MANHATTAN (CN) - A DJ will not have to answer for a compilation of Beastie Boys songs that Monster Energy used to promote its snowboarding event, a federal judge ruled.
Monster had posted the video on its YouTube channel in May 2012 to promote its snowboarding event, "Ruckus in the Rockies 2012."
The video was set to a remix created by DJ Z-Trip, or Zach Sciacca, of four Beastie Boys songs: "So Watcha Want," "Sabotage," "Looking Down the Barrel of a Gun" and "Make Some Noise." The video also made mention of the ability of a free download.
"It is undisputed that Monster never contacted the Beastie Boys, their management, or any agent or representative to obtain permission to use the Beastie Boys' music compositions, sound recordings or marks in the video," U.S. District Judge Judge Paul Engelmayer wrote Monday.
The Beastie Boys fired off a cease-and-desist letter, and Monster removed the video from the Internet, edited it and replaced musical excepts with songs from the band Swollen Members.
In an ensuing complaint , the Beastie Boys claimed that Monster had no right to use its copyrighted recordings.
Monster in turn tried to deflect responsibility for any copyright infringement to Z-Trip, claiming that it relied on Z-Trip's false assertion that he had authority to use the songs in the remix.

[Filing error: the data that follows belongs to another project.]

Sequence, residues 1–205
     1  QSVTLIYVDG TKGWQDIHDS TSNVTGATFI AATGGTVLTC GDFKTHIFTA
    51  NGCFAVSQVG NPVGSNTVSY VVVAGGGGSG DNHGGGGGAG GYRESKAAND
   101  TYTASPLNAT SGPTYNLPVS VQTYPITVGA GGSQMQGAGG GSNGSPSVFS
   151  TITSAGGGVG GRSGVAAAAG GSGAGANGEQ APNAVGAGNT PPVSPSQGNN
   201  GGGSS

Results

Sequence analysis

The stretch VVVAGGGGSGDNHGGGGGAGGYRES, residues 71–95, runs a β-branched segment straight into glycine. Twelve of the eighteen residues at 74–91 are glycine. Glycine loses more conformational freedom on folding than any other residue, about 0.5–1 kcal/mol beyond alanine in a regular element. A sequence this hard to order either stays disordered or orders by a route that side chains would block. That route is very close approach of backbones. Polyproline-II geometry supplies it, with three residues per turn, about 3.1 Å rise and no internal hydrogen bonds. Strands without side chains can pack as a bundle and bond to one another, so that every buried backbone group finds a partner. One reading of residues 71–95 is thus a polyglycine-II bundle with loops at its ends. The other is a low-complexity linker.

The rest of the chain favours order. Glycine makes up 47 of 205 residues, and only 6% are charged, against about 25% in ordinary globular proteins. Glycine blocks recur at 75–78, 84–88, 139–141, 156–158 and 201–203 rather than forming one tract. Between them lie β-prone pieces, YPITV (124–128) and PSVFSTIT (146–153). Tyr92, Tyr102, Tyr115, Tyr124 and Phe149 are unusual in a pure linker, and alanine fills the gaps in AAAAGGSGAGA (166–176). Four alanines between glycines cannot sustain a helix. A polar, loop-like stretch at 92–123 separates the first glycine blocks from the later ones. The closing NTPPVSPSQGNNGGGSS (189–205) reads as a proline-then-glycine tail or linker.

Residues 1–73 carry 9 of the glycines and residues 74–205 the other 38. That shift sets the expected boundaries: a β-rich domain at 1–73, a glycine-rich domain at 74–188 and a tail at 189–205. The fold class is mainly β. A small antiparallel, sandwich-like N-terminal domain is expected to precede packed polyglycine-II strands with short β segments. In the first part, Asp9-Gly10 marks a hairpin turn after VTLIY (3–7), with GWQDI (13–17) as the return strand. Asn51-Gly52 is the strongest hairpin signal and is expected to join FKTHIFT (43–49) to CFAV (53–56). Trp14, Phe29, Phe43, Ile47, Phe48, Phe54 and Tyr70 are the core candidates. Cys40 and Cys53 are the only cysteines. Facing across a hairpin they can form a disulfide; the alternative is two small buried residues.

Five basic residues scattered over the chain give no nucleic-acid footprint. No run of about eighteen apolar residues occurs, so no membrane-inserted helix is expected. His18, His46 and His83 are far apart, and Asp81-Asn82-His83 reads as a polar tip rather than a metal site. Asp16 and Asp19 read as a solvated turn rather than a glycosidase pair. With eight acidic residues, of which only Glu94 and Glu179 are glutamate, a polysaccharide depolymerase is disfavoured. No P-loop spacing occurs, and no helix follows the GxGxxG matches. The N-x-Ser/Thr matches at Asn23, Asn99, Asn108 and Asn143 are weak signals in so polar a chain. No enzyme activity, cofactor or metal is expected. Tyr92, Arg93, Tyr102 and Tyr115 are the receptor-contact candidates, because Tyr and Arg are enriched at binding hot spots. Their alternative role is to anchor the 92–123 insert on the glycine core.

In a third-party complaint, Monster said Z-Trip was responsible for "fraudulently leading Monster to believe that he had authority to license Monster to use for its own purposes." Monster presented email exchanges between Monster employee Nelson Phillips and Z-Trip, arguing that it constituted a contract between the parties.
It also argued that Z-Trip's use of the exclamation, "Dope!" in a May 2012 email indicated his acceptance of a business deal.
Z-Trip, whose real name is Zach Sciacca, disputed that he entered into a contract with Monster to make the remix and said he thus lacked authority to issue a license for the music.
Engelmayer agreed, noting that "there is ... no evidence on which a reasonable juror could find acceptance of contractual terms."
"Viewed in context, the word 'Dope!' as used by Z-Trip was not 'clear, unambiguous and unequivocal" to meet the standards as a legitimate, enforceable contract," he added.
It had been a response to something else altogether, according to the ruling.
"Here, Z-Trip's exclamation, 'Dope!' was in response to Phillip's query, 'Please have a look at the video from this past weekend and let me know if you approve,'" Engelmayer wrote. "Viewed in this context, Z-Trip's response of 'Dope!' plainly communicated that, in some sense, he 'approve[d]' of 'the video.' But such approval is quite distinct from conveying assent to a mutual exchange of promises or other consideration. And it certainly did not convey that Z-Trip had authority to approve, on behalf of the Beastie Boys, a free license to Monster to use the Beastie Boys' recordings and songs."
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